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How does Australian copyright law deal with fan fiction?

Be careful with fan fiction; it could violate Australian intellectual property law.

One of the world's most famous teenage wizards never visited Australia in the books, but he may have in one of the countless stories found online, written by creative fans looking to take the plot into their own hands.

Known as fan fiction, this sort of writing is a massive genre in of itself – one that spans the entirety of the literary spectrum. Even some of the most popular works that sell millions of copies worldwide started off as works of fan fiction before being shaped into their current form.

Because fan fiction uses elements of another person's creation, it is a tricky subject when it comes to Australian copyright law. Let's examine some considerations for writers of these types of stories.

An author's moral rights

One of the protections granted to the creator of a work in the Copyright Act 1968 is the idea of moral rights. While these protect an author's right of attribution, they also serve to protect the author's integrity. This means that someone who treats that writer's work in a derogatory way will be infringing on their moral rights.

If your fan fiction treats an author's work in a derogatory way, you could be infringing their moral rights.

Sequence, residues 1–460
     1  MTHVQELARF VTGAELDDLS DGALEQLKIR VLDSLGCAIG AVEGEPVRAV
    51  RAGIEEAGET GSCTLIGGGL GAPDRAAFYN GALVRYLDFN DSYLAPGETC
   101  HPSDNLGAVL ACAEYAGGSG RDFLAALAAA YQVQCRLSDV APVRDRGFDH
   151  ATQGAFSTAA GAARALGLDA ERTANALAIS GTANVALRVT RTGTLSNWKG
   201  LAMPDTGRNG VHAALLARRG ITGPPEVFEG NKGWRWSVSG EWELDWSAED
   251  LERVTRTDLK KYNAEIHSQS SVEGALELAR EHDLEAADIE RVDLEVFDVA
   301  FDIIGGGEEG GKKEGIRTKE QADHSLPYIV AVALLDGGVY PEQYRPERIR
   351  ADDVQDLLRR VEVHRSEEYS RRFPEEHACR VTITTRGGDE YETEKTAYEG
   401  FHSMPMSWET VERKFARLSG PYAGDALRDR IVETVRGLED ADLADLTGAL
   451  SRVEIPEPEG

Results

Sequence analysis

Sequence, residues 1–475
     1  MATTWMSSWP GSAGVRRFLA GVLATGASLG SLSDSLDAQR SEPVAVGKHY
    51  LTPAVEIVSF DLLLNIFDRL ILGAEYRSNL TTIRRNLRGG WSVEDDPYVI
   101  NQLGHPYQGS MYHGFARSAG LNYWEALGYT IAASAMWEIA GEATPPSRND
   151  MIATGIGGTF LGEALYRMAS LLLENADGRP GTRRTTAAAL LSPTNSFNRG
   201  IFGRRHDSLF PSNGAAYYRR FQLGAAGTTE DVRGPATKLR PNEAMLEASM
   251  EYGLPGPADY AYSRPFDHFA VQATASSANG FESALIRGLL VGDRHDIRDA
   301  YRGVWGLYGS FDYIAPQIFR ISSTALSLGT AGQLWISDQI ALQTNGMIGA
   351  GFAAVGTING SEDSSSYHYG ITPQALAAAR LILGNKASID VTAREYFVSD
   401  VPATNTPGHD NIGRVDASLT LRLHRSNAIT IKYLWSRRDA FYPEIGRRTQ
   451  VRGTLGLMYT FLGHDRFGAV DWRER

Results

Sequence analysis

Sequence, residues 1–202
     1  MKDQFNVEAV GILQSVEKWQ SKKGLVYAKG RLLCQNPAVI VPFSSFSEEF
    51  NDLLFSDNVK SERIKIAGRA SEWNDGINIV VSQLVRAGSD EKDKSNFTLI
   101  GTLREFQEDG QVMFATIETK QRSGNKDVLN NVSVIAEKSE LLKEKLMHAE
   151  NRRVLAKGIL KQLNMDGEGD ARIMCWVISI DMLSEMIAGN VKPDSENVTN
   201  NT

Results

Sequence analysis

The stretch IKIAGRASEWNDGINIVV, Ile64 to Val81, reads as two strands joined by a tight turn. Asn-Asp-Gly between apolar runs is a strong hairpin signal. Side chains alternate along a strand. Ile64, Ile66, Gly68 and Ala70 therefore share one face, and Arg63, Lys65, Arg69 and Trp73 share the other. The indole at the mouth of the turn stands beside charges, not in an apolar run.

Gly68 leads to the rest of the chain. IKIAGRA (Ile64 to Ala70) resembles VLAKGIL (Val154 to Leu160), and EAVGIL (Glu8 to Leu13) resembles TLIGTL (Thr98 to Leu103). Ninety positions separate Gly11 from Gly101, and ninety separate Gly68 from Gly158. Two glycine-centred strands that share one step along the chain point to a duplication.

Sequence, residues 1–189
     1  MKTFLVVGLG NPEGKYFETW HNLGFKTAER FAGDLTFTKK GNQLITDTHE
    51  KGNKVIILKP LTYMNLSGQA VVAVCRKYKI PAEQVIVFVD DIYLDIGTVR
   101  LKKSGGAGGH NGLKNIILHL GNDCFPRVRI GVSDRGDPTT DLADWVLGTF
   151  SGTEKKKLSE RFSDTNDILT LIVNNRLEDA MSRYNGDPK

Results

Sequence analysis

If your fan fiction treats an author's work in a derogatory way, you could be infringing their moral rights.

This is particularly pertinent for fan fiction writers, as there is a risk of putting an original author's characters in situations that meet this standard for infringement.

An author's trade marks

Tread carefully: A character's name may also be protected by trade mark law.

It's important to remember that copyright in Australia protects the manifestation of an idea, not the idea itself. As such, the name of a character is not protected by copyright; however, it can be registered as a trade mark. This is the case for a number of works, especially those that build up a successful commercial enterprise outside of the books themselves.

In these cases, using a name that is also a trade mark in a piece of fan fiction is inherently risky and likely to be considered infringement.

What about fair dealing exceptions?

In Australia, fan fiction is most likely to fall under certain fair dealing provisions if it is written as criticism, review or satire. It is important to keep in mind that these exceptions are not blanket permission for writers to put pen to paper.

A fair dealing claim would have to stand up in court, showing that a fan fiction author is legitimately using the original work for one of those cases and that doing so does not cause commercial harm to the rights holder.

If you're writing fan fiction, be sure to keep these considerations in mind. Most importantly, do not try to sell your stories. That's a great way to guarantee copyright infringement.